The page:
Blinatumomab and CAR T-Cell Therapy in Children with Relapsed/Refractory Leukemia

Wang et al (2023) noted that the 5-year EFS rate for childhood ALL has increased to more than 85 %; however, the 5-year OS rate in children with relapsed/refractory ALL did not exceed 50 %.  In the last 10 years, immunotherapies (such as blinatumomab and chimeric antigen receptor [CAR] T-cell therapy) were approved for relapsed/refractory B-ALL, transforming the treatment environment for children with relapsed/refractory ALL.  In a retrospective, case-series study, these researchers examined how immunotherapy can be incorporated into salvage regimens for pediatric patients with relapsed/refractory ALL by analyzing the diagnosis and treatment process of 7 children with relapsed/refractory leukemia and observing the side effects of the 2 strategies and long-term survival.  The clinical features and treatment responses of patients aged less than 14 years with relapsed/refractory leukemia who received immunotherapy (including CAR T cell therapy and blinatumomab) at Tongji Hospital, Tongji Medical College, Huazhong University of Science and Technology between February 2014 and April 2022 were analyzed.  A total of 7 children underwent immunotherapy; 5 patients received immunotherapy and sequential allogeneic hematopoietic stem cell transplantation (allo-HSCT), whereas the other 2 received only immunotherapy.  Five patients achieved CR (71.4 %); none of the patients had severe CRS.  However, 1 developed grade-3 immune effector cell-associated neurotoxicity syndrome with prior leukoencephalopathy.  The median follow-up period was 541 days (range of 186 to 3,180 days); no deaths were related to treatment.  Three patients relapsed, 2 had CD19-negative recurrences, and the 3rd showed CD19 antigen reduction.  One patient died after disease progression, whereas the other died of HSCT-related complications.  One patient abandoned the treatment after relapse and was lost to follow-up.  The authors concluded that blinatumomab and CAR T-cell therapy showed excellent remission rates and manageable toxicity in pediatric patients with relapsed/refractory leukemia.  However, the duration of the remission was limited.  Moreover, these researchers stated that further prospective, randomized clinical studies are needed to improve the long-term effectiveness of immunotherapy.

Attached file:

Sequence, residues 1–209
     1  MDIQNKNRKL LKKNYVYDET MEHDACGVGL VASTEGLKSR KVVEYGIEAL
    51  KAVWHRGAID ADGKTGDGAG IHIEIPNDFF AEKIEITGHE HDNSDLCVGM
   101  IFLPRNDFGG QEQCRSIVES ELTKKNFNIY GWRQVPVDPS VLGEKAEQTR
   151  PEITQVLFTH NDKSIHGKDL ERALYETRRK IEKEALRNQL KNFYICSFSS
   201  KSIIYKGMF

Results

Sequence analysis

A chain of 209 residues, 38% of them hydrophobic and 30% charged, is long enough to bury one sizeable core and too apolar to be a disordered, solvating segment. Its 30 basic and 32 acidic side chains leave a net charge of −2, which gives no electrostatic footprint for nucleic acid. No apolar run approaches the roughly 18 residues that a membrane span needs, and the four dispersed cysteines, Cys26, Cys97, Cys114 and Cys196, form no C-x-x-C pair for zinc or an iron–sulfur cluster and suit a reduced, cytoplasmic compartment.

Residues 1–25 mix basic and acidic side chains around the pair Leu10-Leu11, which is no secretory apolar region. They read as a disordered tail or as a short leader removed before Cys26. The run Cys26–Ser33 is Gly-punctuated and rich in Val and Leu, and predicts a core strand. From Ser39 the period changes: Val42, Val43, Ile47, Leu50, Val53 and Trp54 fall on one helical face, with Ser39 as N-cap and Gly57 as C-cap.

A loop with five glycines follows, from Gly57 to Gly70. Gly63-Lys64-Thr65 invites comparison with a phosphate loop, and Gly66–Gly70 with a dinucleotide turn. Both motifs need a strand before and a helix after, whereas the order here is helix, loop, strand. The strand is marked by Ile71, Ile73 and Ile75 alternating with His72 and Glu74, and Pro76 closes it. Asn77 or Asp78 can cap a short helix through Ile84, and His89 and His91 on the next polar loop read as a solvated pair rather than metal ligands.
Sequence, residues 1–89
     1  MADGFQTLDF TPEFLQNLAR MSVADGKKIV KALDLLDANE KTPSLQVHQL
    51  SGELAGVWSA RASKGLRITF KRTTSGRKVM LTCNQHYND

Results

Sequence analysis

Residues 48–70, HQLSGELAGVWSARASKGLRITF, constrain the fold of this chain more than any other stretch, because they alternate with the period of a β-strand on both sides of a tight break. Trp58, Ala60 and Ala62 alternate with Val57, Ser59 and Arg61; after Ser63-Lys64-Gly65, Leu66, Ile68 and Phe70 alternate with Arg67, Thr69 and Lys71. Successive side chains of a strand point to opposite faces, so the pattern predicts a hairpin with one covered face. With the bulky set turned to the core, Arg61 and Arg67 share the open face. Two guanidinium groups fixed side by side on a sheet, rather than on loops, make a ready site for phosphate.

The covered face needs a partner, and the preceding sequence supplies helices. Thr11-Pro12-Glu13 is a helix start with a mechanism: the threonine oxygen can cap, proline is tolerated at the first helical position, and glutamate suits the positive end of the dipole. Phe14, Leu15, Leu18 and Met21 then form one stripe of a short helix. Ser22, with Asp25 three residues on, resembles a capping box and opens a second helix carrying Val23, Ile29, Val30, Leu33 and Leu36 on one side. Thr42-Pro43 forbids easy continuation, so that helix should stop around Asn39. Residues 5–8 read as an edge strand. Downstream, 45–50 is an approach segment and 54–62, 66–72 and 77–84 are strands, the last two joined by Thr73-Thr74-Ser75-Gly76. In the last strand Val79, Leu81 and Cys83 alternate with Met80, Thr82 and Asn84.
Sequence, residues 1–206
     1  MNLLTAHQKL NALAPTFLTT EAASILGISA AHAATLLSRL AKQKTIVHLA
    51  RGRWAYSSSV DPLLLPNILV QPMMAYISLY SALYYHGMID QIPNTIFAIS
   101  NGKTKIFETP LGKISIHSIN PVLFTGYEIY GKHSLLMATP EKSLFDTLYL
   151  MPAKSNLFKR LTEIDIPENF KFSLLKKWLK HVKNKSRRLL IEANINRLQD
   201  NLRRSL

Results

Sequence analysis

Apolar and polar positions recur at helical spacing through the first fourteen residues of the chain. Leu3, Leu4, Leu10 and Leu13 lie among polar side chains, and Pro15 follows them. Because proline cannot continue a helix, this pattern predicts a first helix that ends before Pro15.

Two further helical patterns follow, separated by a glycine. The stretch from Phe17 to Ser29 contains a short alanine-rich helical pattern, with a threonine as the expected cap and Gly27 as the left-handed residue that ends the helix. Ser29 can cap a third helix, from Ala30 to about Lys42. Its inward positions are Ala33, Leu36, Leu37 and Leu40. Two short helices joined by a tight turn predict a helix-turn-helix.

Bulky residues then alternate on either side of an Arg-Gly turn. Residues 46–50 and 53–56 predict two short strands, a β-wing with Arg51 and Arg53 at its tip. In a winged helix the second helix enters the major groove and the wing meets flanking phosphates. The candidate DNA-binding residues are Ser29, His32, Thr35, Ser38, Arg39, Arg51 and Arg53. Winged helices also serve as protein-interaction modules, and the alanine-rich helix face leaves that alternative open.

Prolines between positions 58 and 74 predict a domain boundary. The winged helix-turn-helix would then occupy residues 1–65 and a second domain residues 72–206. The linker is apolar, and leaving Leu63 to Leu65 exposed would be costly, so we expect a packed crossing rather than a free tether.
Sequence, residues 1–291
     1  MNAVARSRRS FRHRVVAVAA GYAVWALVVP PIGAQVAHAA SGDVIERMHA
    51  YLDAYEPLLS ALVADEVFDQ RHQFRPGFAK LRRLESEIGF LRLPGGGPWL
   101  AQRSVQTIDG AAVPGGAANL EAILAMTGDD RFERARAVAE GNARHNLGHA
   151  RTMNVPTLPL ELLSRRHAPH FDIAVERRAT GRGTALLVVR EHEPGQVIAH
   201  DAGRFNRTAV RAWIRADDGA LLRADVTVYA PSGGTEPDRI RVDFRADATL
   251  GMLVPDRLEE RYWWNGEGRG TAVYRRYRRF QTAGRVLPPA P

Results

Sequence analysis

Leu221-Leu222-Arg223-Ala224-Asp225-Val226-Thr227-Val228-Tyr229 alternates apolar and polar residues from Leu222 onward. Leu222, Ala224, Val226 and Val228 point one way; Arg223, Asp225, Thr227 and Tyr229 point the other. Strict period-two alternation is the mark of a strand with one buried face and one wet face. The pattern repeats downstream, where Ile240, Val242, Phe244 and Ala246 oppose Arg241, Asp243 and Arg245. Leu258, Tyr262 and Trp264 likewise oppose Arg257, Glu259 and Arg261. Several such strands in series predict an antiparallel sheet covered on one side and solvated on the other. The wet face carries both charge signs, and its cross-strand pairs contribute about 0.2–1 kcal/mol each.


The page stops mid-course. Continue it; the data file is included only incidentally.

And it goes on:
Table: Examples of Tyrosine Kinase Inhibitors (TKIs)
Generic Name Brand Name
bosutinib Bosulif
crizotinib Xalkori
dasatinib Sprycel
erlotinib Tarceva
imatinib Gleevec
lapatinib Tykerb
nilotinib Tasigna
sorafenib Nexavar
sunitinib Sutent


The above policy is based on the following references: